New MEES Regulations

The new MEES regulations put a landlord at risk of substantial fines (up to £150,000) for granting new tenancies or renewing with existing tenants if their buildings do not reach the minimum energy efficiency standards – at least an E rating – landlords are now being forced into making expenditure to improve energy efficiency.


There are exceptions – buildings that do not require an EPC are not subject to the minimum energy standard requirements – and specific exemptions apply.

Broadly speaking, exceptions include holiday lets, tenancies over 99 years or less than six months (provided there is no right for renewal), industrial sites and workshops that have low energy demands (where the indoor climate is not conditioned – heated or cooled – in any way).

Contrary to commonly held understanding, listed buildings are not automatically excepted from the requirement to obtain an EPC. The exception applies only where the carrying out of any necessary works would “unacceptably alter” their “character or appearance”.

Those buildings that require an EPC to be produced may qualify for exemption. These exemptions must be registered and supporting documents must be filed. They are not once and for all exemptions and must be reviewed – broadly every five years. Neither will they automatically pass to a new owner should the landlord transfer the building.

With effect from April 2023 (2020 for domestic property) all buildings that require an EPC and that are subject to existing tenancies will need to either meet the minimum energy efficiency requirements or, alternatively, be exempt.

To avoid the penalties, landlords of low rating buildings should take steps to bring their buildings up to standard or prepare the paperwork necessary to file for an exemption.

In summary exemptions can be filed in the following circumstances:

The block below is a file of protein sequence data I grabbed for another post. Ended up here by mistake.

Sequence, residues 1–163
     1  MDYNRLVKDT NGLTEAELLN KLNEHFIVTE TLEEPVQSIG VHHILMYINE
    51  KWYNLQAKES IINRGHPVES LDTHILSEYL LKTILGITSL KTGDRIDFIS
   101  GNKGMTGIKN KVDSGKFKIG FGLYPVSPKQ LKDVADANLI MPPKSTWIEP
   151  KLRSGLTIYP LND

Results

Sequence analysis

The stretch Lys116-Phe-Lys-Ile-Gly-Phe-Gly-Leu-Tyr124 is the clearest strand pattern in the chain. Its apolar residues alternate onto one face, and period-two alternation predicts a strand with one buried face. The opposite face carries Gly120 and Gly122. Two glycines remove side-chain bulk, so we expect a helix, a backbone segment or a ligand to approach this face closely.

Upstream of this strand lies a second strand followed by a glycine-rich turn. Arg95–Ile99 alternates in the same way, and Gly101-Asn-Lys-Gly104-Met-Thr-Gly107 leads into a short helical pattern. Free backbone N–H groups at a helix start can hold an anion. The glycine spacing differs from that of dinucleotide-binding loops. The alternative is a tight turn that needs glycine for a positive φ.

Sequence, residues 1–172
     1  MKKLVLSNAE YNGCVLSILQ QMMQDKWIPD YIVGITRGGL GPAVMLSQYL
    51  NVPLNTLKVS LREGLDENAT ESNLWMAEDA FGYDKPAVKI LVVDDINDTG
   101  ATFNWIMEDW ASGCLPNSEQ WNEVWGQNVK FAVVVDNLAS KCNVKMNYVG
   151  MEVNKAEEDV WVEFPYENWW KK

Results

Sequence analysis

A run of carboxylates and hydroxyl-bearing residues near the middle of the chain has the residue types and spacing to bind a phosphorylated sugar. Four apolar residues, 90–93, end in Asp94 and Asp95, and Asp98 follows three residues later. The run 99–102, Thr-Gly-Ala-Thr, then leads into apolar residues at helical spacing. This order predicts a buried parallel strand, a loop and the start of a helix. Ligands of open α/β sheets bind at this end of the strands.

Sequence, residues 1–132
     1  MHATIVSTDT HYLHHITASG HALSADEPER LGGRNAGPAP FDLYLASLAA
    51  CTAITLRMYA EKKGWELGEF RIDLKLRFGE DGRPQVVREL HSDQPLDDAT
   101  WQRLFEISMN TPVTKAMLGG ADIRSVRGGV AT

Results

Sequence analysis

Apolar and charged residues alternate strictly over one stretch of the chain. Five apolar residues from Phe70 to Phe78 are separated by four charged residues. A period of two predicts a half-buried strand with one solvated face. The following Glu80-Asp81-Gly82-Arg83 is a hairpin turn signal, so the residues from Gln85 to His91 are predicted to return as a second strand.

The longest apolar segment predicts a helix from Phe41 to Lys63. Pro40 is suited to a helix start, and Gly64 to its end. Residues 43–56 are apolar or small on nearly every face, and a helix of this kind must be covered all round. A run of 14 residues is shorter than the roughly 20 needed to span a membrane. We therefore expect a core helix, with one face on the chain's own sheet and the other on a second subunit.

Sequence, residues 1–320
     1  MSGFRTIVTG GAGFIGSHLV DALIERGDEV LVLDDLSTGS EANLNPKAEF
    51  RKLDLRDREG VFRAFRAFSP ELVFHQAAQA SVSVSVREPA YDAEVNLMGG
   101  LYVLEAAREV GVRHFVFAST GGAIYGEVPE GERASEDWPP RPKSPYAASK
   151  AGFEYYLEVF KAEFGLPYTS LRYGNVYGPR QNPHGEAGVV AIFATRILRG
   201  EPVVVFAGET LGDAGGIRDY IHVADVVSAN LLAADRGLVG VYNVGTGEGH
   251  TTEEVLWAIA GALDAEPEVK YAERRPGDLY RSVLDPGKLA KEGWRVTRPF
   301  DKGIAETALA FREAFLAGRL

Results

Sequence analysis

• If all relevant improvements have been carried out and the and they still don’t improve the energy rating.
  • There are no recommended improvements that can be made to achieve a better rating.
  • The consent of a third party is needed to carry out any improvements and this cannot be obtained or can only be obtained on conditions that the landlord is not able to comply with.
  • Improvements will devalue the property by more than 5%.
  • The improvements recommended do not meet the seven-year payback rule – three quotes for the works must show that the cost of purchasing and installing exceeds the savings that could be made over seven years.
  • The landlord has only been the landlord for less than six months.

Although exemptions are made on a self-certificate basis and although there are no fees for registration, it is necessary to file sufficient supporting evidence. This, in itself, presents landlords with new onerous and time-consuming duties and all landlords are therefore well advised to review their property holdings with a view to establishing what improvement works might need to be made and whether an exemption can be filed.